Last week was International Law Week at the University of Maryland School of Law. On Monday November 15 we hosted Alex Wang, director of the Environmental Law & Governance Project at the Beijing office of the Natural Resources Defense Council (NRDC). Alex spoke to my Administrative Law class about his work to develop a Pollution Information Transparency Index (PITI) in China. The PITI provides annual ratings of Chinese cities on how well they are implementing China’s Open Information Law, which became effective in May 2008. This is a brilliant project because the local governments are where the power is in China and the wide publicity this kind of U.S. News ranking of cities has received has led many local officials to approach NRDC inquiring about how they can improve their ratings. Alex also spoke about the state of environmental law in China at a lunch for students from the Maryland Environmental Law Society and the Asian and Pacific Law Society.
From Wednesday November 17 to Friday November 19 the University of Maryland Law School hosted a conference on “Re-imagining International Clinical Law.” I was the luncheon speaker on Thursday November 18 and in my talk I discussed the history of my work on global environmental law and how globalization is affecting legal education. I emphasized the need to break down disciplinary barriers that separate clinical education from other parts of the academy and how the “Globalizing Clinical Education” conference that Maryland sponsored in April 2007 tried to encourage U.S. clinicians to expand the focus of their work to embrace global concerns. Friday’s sessions included considerable brainstorming about how to structure international clinical work such as the clinics that Maryland is operating that send our students to Namibia, Mexico, and China.
In 1995 I visited Mongolia to present a week-long environmental law workshop for that country’s new government in a program sponsored by Maryland’s Institutional Reform of the Informal Sector (IRIS) program. One of my indelible memories of that experience, aside from how cold it was in Ulan Bator in February, is overhearing a mining company executive tell a new employee on the flight into the country that as long as you “wear a tie” while visiting the Environment Ministry you don’t have to worry much about the country’s environmental regulations. In July of 2009, Mongolia enacted a new Water and Forest Law that prohibits mining activities in water basins and forest areas. As a result of the law, Dashdorj Zorigt, the country’s minister for mineral resources and energy, has suspended the licenses of 254 gold mining enterprises. A list of 1,700 of the country’s 4,000 other licensed mining enterprises is being reviewed for possible revocation to comply with the law. Under the law exemptions can be granted for mines with “strategic deposits” of minerals, but the Mongolian government can then acquire equity stakes in such projects. Peter Stein, Mongolia Reviews Mine Licenses, Wall St. J., Nov. 20-21, 2010, at B3.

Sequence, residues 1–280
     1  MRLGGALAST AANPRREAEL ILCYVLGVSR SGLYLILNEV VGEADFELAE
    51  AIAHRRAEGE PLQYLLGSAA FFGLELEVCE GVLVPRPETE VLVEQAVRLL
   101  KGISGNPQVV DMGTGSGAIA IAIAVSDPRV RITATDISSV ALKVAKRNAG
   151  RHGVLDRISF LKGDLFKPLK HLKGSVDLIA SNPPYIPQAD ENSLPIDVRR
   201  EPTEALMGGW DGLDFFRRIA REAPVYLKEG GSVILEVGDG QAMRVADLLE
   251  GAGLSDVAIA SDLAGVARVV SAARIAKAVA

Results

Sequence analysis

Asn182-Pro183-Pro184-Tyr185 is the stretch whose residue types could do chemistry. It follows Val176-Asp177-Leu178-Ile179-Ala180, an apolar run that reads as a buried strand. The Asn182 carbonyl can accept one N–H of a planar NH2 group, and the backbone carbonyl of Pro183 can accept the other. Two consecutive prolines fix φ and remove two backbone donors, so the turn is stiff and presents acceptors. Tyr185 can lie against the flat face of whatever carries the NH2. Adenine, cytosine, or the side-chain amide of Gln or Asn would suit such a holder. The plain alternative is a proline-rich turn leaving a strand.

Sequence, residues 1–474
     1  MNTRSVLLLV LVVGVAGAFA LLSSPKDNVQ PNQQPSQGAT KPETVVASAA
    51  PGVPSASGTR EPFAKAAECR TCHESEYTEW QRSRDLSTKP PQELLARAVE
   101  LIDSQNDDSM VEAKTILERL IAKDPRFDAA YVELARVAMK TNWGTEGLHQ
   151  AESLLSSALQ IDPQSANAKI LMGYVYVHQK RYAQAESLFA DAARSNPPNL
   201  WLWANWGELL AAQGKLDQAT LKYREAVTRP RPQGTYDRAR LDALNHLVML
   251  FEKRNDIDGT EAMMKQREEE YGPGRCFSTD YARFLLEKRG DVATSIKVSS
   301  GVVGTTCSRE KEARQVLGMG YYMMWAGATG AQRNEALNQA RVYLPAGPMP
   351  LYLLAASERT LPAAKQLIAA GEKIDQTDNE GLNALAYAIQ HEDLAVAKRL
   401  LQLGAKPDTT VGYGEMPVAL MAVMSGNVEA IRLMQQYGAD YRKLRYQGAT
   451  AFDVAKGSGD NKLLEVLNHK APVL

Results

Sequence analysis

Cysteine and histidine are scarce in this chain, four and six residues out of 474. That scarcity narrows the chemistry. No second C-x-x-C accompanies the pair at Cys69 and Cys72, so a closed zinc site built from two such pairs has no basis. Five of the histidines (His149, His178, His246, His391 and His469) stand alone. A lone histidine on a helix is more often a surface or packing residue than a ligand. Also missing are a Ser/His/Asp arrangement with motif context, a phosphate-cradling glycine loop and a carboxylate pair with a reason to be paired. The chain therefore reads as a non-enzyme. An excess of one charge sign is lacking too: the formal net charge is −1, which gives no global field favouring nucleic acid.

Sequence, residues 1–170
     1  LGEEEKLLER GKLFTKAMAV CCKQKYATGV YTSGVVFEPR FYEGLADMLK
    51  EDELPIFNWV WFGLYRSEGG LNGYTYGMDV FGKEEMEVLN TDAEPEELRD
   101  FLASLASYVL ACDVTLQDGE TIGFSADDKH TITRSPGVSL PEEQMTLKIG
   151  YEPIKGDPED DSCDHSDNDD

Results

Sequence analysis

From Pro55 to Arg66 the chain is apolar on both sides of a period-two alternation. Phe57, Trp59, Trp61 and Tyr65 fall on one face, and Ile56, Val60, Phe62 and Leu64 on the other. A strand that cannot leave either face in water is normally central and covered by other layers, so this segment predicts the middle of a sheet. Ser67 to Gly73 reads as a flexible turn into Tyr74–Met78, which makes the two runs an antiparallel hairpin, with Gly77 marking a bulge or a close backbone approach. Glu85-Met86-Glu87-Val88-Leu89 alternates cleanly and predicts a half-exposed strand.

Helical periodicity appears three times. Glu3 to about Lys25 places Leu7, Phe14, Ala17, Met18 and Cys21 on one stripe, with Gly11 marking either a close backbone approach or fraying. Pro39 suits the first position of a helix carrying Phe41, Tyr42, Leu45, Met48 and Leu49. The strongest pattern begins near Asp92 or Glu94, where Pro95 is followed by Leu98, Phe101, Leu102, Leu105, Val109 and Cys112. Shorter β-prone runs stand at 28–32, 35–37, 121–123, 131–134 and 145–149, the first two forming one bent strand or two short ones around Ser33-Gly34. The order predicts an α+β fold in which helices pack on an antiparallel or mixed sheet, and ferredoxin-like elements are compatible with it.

On Tuesday November 16, the National Academy of Engineering released its interim report on the BP oil spill. The report, which had been commissioned by Interior Secretary Ken Salazar last May, concluded that further investigation was necessary before firm conclusions could be drawn about the causes of the spill. But it spread plenty of preliminary blame around, citing a “lack of management discipline” and “lack of onboard expertise and of clearly defined responsibilities” on the Deepwater Horizon oil rig. The report also faulted government regulators for failing to have “sufficient in-house expertise and technical capabilities” to evaluate the safety of industry practices and it noted that regulations had lagged behind the development of new deep water drilling technologies. A copy of the interim report is available at: http://www.nationalacademies.org/includes/DH_Interim_Report_final.pdf
A fierce battle has broken out between Congressmen Joe Barton and Fred Upton over who will assume the chairmanship of the powerful House Energy and Commerce Committee when Republicans assume control of the U.S. House of Representatives in January. Barton, who has been the ranking minority member of the committee, is well known for his insistence that U.S. officials should apologize to BP for asking them to create a compensation fund for the Gulf oil spill. While term limits on committee leadership normally would preclude Barton from taking the chairmanship, he is asking for a waiver and arguing that his chief rival Rep. Fred Upton should be denied the chairmanship because he voted in favor of the Energy Policy Act Amendments of 2007 that have banned the sale of incandescent light bulbs effective in 2014. Stephanie Kirchgaessner, Light Bulb Dispute Darkens Contest to Lead House Energy Panel, Financial Times, Nov. 19, 2010, at 4.